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Seaborgium

Seaborgium is a synthetic chemical element with the symbol Sg and atomic number 106. It is named after the American nuclear chemist Glenn T. Seaborg; as a synthetic element, it is not found in nature. It is radioactive. In the periodic table of the elements, it is a d-block transactinide element, it is a member of the 7th period and belongs to the group 6 elements as the fourth member of the 6d series of transition metals. Chemistry experiments have confirmed that seaborgium behaves as the heavier homologue to tungsten in group 6; the chemical properties of seaborgium are characterized only but they compare well with the chemistry of the other group 6 elements. In 1974, a few atoms of seaborgium were produced in laboratories in the Soviet Union and in the United States; the priority of the discovery and therefore the naming of the element was disputed between Soviet and American scientists, it was not until 1997 that International Union of Pure and Applied Chemistry established seaborgium as the official name for the element.

It is one of only two elements named after a living person at the time of naming, the other being oganesson, element 118. Following claims of the observation of elements 104 and 105 in 1970 by Albert Ghiorso et al. at the Lawrence Livermore National Laboratory, a search for element 106 using oxygen-18 projectiles and the used californium-249 target was conducted. Several 9.1 MeV alpha decays were reported and are now thought to originate from element 106, though this was not confirmed at the time. In 1972, the HILAC accelerator received equipment upgrades, preventing the team from repeating the experiment, data analysis was not done during the shutdown; this reaction was tried again several years in 1974, the Berkeley team realized that their new data agreed with their 1971 data, to the astonishment of Ghiorso. Hence, element 106 could have been discovered in 1971 if the original data was analyzed more carefully. Two groups claimed discovery of the element. Unambiguous evidence of element 106 was first reported in 1974 by a Russian research team in Dubna led by Yuri Oganessian, in which targets of lead-208 and lead-207 were bombarded with accelerated ions of chromium-54.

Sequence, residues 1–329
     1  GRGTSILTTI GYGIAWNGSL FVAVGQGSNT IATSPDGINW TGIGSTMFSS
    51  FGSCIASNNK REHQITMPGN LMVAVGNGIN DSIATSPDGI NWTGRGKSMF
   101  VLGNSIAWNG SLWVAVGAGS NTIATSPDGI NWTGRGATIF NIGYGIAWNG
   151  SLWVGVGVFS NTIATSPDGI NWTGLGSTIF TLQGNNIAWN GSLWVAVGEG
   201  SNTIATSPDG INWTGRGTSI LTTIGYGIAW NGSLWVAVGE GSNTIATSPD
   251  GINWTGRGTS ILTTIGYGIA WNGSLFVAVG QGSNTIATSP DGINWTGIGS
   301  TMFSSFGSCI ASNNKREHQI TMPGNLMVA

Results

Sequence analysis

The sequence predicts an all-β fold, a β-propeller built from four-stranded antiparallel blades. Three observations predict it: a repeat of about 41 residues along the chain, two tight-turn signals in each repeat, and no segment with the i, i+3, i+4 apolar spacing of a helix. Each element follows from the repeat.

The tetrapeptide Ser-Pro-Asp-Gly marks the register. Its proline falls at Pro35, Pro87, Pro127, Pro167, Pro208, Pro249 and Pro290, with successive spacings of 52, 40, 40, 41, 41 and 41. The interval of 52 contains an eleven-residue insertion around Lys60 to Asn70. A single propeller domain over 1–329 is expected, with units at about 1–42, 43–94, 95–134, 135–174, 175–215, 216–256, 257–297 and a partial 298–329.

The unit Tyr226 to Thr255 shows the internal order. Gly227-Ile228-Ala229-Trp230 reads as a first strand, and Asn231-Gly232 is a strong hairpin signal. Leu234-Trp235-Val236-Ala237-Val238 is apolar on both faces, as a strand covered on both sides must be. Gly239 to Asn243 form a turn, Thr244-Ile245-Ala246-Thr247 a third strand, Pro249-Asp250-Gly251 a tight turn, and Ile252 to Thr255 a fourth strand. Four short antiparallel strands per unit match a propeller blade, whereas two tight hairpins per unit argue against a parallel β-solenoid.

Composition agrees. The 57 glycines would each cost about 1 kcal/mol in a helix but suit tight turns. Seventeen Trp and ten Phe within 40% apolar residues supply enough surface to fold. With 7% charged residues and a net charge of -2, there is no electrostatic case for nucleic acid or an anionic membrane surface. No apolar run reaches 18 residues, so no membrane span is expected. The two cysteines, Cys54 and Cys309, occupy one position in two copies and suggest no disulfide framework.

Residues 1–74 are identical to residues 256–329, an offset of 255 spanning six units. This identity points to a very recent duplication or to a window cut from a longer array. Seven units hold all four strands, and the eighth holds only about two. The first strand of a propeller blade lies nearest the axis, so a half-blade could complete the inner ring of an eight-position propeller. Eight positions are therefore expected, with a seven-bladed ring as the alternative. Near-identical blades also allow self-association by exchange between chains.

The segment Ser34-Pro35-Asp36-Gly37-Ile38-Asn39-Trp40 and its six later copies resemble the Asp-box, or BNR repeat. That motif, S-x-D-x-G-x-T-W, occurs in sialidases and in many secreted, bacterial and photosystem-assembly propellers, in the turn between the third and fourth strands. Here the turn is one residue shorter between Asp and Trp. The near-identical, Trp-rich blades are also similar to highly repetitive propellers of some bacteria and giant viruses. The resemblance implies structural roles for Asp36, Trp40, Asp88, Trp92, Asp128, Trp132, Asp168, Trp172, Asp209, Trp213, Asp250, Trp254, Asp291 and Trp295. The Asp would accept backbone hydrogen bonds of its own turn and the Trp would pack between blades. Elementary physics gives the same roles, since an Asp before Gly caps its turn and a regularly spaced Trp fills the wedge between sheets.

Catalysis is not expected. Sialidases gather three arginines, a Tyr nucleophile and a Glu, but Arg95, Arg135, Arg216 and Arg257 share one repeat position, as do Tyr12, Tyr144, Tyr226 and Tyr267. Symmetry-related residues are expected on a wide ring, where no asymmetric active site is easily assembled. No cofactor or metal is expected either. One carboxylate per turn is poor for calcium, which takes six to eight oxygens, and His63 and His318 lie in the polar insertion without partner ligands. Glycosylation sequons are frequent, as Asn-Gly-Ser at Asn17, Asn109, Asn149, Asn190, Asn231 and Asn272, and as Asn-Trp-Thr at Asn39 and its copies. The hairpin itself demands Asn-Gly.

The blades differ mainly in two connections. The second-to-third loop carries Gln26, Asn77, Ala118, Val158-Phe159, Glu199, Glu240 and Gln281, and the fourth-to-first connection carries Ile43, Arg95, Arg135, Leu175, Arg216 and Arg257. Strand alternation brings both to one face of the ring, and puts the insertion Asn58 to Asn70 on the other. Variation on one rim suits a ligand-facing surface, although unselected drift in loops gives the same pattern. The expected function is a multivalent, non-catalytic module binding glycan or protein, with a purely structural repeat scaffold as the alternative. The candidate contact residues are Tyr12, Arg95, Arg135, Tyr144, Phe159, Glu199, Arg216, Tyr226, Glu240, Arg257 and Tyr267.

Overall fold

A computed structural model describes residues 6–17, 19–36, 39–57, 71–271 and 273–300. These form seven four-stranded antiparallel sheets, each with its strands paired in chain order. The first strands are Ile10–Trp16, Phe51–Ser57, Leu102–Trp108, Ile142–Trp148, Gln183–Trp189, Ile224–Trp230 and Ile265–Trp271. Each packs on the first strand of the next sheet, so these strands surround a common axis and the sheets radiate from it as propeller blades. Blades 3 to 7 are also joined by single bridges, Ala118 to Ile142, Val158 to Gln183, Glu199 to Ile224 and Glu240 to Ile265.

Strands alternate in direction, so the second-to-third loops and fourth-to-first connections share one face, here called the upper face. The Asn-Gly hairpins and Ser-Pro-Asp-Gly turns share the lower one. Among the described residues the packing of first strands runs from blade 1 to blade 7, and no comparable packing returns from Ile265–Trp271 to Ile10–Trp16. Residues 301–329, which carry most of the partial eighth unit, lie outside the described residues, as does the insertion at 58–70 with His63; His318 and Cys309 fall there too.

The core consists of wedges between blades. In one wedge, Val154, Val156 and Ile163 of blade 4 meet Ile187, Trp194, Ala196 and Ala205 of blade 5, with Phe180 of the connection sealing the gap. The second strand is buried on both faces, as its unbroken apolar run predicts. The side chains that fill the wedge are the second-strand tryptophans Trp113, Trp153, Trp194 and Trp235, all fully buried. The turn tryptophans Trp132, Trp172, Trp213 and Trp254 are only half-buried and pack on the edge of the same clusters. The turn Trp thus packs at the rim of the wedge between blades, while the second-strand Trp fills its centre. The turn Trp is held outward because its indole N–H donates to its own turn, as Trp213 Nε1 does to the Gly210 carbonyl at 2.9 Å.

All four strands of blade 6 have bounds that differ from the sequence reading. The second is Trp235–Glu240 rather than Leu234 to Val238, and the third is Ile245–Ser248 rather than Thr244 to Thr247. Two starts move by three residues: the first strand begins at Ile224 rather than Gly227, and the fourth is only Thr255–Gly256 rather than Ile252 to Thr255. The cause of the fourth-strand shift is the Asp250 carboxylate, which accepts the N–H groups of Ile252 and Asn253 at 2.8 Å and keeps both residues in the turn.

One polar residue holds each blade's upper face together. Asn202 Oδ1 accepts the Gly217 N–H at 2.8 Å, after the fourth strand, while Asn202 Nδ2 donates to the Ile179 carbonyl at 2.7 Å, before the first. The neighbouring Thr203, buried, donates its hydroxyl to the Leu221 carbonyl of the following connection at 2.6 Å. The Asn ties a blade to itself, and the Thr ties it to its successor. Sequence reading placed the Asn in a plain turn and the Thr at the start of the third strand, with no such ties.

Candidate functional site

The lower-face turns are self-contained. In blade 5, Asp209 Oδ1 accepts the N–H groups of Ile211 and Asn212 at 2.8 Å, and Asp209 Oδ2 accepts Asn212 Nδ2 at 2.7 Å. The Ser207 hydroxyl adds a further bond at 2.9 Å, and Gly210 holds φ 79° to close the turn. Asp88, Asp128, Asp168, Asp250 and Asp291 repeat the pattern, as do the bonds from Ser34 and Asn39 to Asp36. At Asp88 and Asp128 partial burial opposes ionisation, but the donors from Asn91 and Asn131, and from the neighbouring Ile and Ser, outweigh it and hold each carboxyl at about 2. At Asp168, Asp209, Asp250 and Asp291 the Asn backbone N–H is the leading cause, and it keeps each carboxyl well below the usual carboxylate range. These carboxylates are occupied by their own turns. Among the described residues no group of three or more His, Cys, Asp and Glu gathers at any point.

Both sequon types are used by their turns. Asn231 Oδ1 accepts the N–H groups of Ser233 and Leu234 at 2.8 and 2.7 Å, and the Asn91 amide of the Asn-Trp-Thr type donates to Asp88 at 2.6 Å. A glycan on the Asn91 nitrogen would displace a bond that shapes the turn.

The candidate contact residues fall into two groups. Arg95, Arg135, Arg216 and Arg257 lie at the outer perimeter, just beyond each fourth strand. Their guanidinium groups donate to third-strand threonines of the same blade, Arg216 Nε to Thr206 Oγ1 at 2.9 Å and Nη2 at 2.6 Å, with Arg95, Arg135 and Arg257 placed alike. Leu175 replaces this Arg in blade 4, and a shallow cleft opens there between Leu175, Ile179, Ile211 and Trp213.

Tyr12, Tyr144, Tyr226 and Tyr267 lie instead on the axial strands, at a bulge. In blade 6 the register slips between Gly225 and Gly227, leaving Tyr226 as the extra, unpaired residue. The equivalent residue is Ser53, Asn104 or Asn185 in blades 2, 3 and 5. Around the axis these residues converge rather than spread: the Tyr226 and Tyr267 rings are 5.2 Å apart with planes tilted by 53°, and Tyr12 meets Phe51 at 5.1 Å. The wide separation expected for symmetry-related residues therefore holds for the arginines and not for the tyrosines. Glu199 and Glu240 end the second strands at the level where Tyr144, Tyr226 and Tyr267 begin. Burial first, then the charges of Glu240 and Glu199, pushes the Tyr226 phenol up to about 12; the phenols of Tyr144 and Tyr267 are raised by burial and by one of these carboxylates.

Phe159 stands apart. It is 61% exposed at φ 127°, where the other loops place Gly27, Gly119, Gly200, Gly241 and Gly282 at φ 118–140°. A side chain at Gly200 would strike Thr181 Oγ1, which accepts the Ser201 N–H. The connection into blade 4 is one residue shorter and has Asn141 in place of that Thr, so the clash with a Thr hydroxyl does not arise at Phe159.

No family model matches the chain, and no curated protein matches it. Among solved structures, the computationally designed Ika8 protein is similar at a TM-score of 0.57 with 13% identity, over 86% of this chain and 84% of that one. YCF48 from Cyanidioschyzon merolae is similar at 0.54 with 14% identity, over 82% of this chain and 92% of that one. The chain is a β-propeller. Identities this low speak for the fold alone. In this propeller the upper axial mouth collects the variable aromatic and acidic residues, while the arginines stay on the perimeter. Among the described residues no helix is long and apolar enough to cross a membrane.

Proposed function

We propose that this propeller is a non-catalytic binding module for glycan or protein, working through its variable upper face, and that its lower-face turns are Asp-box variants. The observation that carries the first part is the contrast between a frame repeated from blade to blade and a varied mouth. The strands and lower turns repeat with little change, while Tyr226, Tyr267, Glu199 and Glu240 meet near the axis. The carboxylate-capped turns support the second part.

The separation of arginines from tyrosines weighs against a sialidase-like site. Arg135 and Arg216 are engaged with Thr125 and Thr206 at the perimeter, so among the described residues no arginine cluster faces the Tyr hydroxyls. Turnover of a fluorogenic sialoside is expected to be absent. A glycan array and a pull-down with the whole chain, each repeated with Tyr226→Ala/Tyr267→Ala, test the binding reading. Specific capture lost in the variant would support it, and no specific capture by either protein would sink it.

In total, fifty-one spontaneous fission events were observed with a half-life between four and ten milliseconds. After having ruled out nucleon transfer reactions as a cause for these activities, the team concluded that the most cause of the activities was the spontaneous fission of isotopes of element 106; the isotope in question was first suggested to be seaborgium-259, but was corrected to seaborgium-260. 20882Pb + 5424Cr → 260106Sg + 2 n 20782Pb + 5424Cr → 260106Sg + nA few months in 1974, researchers including Glenn T. Seaborg, Carol Alonso and Albert Ghiorso at the University of California, E. Kenneth Hulet from the Lawrence Livermore National Laboratory synthesized the element by bombarding a californium-249 target with oxygen-18 ions, using equipment similar to that, used for the synthesis of element 104 five years earlier, observing at least seventy alpha decays from the isotope seaborgium-263m with a half-life of 0.9±0.2 seconds. The alpha daughter rutherfordium-259 and granddaughter nobelium-255 had been synthesised and the properties observed here matched with those known, as did the intensity of their production.

The cross-section of the reaction observed, 0.3 nanobarns agreed well with theoretical predictions. These bolstered the assignment of the alpha decay events to seaborgium-263m. 24998Cf + 188O → 263m106Sg + 4 10n → 259104Rf + α → 255102No + αA dispute thus arose from the initial competing claims of discovery, though unlike the case of the synthetic elements up to element 105, neither team of discoverers chose to announce proposed names for the new elements, thus averting an element naming controversy temporarily. The dispute on discovery, dragged on until 1992, when the IUPAC/IUPAP Transfermium Working Group, formed to put an end to the controversy by making conclusions regarding discovery claims for elements 101 to 112, concluded that the Soviet synthesis of seaborgium-260 was not convincing enough, "lacking as it is in yield curves and angular selection results", whereas the American synthesis of seaborgium-263 was convincing due to its being anchored to known daughter nuclei; as such, the TWG recognised the Berkeley team as official discoverers in their 1993 report.